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Inspection a key driver of change?

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In its response to the Francis inquiry, the government has avoided some of the more obvious wrong turns, such as the regulation of managers. Many ideas were already in train, such as the review of nursing, increased transparency and the requirement for candour. However, some concerns remain.

The response highlights the paradox created by setting up a major public inquiry to report just before the largest ever piece of NHS legislation comes into force. It proposes a system in which Monitor, the Care Quality Commission, the NHS Trust Development Authority and NHS England collaborate closely.

How this will work is not very clear and local commissioners, who were supposed to be driving the system, do not really feature in the way that might be expected.

The response is upbeat about how the new commissioning system, which is focused on outcomes, will drive quality. Yet it does not acknowledge that commissioning has been fragmented and is now less well resourced than it was when Mid Staffordshire NHS Foundation Trust was having problems.

There is a recurring policy idea that inspection, coupled with naming and shaming, ratings and public information, is a key driver of change. The changes to the Care Quality Commission already under way represent the fourth reform of regulation in 14 years.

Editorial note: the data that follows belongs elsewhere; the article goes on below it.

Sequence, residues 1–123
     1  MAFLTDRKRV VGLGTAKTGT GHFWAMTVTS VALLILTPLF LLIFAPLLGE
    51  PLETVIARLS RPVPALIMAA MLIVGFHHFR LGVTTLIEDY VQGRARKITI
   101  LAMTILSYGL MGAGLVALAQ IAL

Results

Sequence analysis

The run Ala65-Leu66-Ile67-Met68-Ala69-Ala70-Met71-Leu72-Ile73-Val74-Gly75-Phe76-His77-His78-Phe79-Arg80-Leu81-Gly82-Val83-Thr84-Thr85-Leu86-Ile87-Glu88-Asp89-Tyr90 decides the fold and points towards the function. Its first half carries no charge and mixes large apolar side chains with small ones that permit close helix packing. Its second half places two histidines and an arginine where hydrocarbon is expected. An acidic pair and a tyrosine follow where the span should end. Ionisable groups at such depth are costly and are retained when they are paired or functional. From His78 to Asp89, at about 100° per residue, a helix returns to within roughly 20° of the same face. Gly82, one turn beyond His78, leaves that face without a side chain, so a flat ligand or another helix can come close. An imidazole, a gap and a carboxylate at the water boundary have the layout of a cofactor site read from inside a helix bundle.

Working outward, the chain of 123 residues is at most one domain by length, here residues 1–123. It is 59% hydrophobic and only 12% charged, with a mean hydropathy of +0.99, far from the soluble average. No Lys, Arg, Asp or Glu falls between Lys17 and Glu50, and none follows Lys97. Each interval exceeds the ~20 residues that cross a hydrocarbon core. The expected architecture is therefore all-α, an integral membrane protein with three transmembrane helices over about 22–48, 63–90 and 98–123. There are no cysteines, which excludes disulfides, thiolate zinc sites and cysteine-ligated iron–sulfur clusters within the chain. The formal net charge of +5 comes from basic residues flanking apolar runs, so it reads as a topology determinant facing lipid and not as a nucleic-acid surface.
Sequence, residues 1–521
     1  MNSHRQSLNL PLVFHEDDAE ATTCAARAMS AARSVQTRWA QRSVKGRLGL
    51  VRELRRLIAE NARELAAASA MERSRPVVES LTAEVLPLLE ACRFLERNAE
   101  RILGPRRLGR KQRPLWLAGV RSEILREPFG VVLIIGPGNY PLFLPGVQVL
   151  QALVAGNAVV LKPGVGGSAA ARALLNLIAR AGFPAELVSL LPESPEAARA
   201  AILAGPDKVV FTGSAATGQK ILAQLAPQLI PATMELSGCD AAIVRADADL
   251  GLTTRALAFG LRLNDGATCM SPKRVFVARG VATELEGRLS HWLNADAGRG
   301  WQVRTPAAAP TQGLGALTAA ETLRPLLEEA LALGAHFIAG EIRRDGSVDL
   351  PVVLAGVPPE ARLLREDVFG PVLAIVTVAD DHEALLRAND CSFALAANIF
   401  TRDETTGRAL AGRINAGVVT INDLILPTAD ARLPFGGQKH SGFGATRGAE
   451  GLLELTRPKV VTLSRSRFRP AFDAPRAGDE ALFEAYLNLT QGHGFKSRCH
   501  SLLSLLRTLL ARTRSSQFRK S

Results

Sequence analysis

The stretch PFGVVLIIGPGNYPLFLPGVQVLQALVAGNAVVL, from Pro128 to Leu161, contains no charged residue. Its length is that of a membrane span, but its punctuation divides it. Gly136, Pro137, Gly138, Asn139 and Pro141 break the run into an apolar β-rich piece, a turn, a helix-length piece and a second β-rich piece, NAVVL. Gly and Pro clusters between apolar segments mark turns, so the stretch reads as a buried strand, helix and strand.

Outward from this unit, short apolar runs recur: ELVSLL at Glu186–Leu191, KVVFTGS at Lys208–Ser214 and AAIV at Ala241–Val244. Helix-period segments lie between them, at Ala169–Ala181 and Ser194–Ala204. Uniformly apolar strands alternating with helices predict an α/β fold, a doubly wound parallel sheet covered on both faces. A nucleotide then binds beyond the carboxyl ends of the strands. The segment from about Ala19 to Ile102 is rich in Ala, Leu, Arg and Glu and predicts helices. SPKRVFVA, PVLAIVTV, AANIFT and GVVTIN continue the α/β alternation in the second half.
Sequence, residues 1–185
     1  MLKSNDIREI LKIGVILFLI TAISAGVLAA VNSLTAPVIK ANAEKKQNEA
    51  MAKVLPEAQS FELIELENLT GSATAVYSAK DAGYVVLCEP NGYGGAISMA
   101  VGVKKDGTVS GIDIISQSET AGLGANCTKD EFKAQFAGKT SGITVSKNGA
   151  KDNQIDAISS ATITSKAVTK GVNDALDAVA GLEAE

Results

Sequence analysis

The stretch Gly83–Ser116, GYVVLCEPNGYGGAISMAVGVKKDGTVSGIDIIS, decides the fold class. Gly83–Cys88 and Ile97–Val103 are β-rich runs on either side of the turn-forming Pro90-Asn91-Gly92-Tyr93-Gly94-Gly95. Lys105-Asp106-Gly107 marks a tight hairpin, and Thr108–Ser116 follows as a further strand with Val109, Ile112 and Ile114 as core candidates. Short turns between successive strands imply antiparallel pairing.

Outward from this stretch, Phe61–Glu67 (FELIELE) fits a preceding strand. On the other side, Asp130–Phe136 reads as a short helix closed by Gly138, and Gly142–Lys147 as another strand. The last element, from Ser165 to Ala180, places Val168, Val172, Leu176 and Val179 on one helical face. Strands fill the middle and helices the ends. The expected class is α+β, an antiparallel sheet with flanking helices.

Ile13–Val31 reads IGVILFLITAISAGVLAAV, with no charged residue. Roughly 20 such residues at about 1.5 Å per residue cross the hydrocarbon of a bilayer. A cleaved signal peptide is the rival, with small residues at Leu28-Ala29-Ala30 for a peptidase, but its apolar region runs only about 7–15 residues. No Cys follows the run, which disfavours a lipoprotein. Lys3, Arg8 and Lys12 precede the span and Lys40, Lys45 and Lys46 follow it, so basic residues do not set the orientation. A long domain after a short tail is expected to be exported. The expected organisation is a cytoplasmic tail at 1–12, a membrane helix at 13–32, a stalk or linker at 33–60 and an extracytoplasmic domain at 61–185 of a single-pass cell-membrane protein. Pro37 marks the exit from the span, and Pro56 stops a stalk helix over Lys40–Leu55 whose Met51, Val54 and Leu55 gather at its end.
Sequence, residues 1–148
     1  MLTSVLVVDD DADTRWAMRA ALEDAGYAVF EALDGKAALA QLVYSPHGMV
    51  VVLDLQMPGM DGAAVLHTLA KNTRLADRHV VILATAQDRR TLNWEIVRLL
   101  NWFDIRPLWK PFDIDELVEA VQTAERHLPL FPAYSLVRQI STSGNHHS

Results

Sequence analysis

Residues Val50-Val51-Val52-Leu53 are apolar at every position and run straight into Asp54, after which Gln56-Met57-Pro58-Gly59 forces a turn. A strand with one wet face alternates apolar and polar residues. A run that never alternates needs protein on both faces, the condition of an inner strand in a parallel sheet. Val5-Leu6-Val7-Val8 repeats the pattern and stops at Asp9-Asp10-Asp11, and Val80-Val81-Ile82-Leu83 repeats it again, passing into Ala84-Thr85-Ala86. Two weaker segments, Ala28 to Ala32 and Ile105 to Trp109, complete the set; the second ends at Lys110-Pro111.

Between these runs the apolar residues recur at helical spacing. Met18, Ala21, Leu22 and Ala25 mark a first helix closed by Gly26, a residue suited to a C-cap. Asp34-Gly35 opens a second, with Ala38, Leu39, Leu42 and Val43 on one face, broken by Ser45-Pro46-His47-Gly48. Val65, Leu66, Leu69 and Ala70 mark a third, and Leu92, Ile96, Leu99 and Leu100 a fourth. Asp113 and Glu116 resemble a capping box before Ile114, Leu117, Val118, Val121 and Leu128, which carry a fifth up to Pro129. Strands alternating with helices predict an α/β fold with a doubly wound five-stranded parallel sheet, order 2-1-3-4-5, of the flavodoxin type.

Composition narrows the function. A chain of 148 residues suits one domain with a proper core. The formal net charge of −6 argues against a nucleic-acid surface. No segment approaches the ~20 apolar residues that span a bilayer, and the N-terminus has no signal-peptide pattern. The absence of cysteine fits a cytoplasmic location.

There is a pattern to this policy cycle: scandal, inspection, complaints about the burden of inspection, scandal that the inspectors fail to spot, further reform.

The hope that providing composite ratings for hospitals will create change is questionable. Are they designed to improve choice, drive quality improvement directly, facilitate naming and shaming or increase public accountability? Trying to achieve these different aims with the same measure doesn’t work.

A commitment to outcomes limits how far the government can intervene in the process of care, unless it is prepared to redefine targets as standards (and there are signs that this is happening).

The real answer lies in: strong commissioners setting high-quality aspirations, clear minimum standards, peer review and inspection where necessary and, above all, great frontline leadership and a willingness to learn.

Nigel Edwards, senior fellow, the King’s Fund

 

This is an edited version of an article that first appeared in Health Service Journal

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